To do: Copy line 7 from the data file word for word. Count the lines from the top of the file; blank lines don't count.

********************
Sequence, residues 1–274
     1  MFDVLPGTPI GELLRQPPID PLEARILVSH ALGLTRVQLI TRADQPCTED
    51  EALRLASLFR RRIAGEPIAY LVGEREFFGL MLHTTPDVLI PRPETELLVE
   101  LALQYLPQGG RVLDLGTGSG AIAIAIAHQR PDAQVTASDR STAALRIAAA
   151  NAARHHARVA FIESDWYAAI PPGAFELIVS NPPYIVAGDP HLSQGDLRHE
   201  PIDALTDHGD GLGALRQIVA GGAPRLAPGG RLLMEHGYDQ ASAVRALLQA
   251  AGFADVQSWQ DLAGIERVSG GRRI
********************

   251  AGFADVQSWQ DLAGIERVSG GRRI